Why no one will help you

Yesterday, I got yet another email from someone who was complaining that very few people in the industry are willing to give advice on how to start your own clothing line. Since Miracle and I donate incalculable amounts of free time to help people succeed, we talked about the reasons why we don’t help certain people. We help everybody we can -time permitting- unless they are stupid, annoying and cheap. All kidding aside, everybody has to start somewhere and whether you intend to or not, you can be unintentionally stupid, or annoying or cheap. I know I have been outside my range of expertise. I think one can only be one of those three things. In other words, one can be stupid -this isn’t brain surgery- but one can’t be annoying and cheap at the same time. Or, one can be annoying but not stupid and cheap. Or one can be cheap, but one can’t be annoying and stupid too. Make sense?

Based on practical experience I’d say people won’t help you because they can’t. You’re usually asking the wrong question or you’re asking the wrong person. It is only rarely that you do ask the right person, the right question and they won’t help you. If you’re not asking the right people the right questions, few will volunteer the longer course because they think that you’ll poison the well. Everybody thinks nobody will help them due to fears of competition but you’re on the outside looking in. They’re doing it, you’re not. You are not a threat. Trust me.

The reason most people won’t help you is because they think you’re not ready. If you’re asking for a contractor referral and no one will tell you, it’s because -in their estimation- you’re not ready to enter in that kind of a relationship using their name as a lever. You need a referral to get a good contractor, or good suppliers. Not always, but mostly. Most businesses are leery of people calling from directories because callers aren’t screened and they won’t know if the person is really ready to get into this or not until they’ve invested in the relationship that they might end up not wanting -which is why you need a referral. In the beginning, it is very unlikely you will be charged the full cost of handling your job. We subsidize you (yes, we do). Like any investor, we want the best bets, those who are as prepared as they can reasonably be.

If someone gives you a referral, they are vouching for you, implying you are ready to take this step. We are cautious about referrals because your actions determine our reputations too. If you do something untoward, that contractor will lose respect for the person who referred you (for picking somebody like you) and take their other referrals less seriously. Your actions in part, determine our reputations -and believe me, we love to score points with our contacts by sending them good business because they will make us an even greater priority and give us other referrals we may need. So, just as we have much to lose with our contacts by making bad referrals, we also have much to gain by making good ones. There is nothing that raises my reputation in the industry more than giving a good referral. But again, this is why any other designer will refuse to tell you about their sources for the same reasons. They don’t want someone poisoning their retail-well, their rep-well or their contractor-well. It is always embarrassing if one has made a bad referral with much loss of face and apologies all around.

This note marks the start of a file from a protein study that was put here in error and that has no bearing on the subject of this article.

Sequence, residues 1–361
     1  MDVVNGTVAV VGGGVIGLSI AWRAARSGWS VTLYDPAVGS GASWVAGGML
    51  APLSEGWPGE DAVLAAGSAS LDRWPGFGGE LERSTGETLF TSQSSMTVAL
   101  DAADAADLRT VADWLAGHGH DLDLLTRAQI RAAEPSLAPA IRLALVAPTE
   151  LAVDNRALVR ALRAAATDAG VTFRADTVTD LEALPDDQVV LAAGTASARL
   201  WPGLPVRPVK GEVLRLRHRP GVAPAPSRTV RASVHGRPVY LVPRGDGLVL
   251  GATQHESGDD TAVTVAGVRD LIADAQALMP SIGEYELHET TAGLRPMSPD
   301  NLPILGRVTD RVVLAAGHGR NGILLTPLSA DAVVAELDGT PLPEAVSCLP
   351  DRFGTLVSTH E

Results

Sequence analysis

If you’re not ready, it’s more likely -be honest- that you haven’t been listening to advice you’ve already been given. If you’ve been frustrated in your quest for advice, be honest and think about it. Have you gotten advice you didn’t follow up on and you should have? It may not have been the answer you asked for or wanted but if you’re asking the right person, someone who is an authority or trustworthy (why else would you be asking them), they will answer the question you need to have answered, rather than the one you wanted. Take inventory. Has someone given you advice you haven’t taken but should have? Doing so will prepare you, from which you can get referrals. For example, I don’t give referrals to anybody who hasn’t read my book. I have no way of knowing if they’ve prepared sufficiently otherwise. At least that way, I’ve got a baseline of standards and expectations and it must be working okay because contractors call me sometimes and compliment me on the quality of customers I send them.

In summary, people usually won’t help you because you could poison the well. Throughout history, the answer is the same. When the student is ready, the teacher appears. If your teacher hasn’t appeared, it’s because you’re not ready. Follow the advice you’ve already been given and then your teacher will come. In the meantime and until you are ready, people will keep you from fouling the well.

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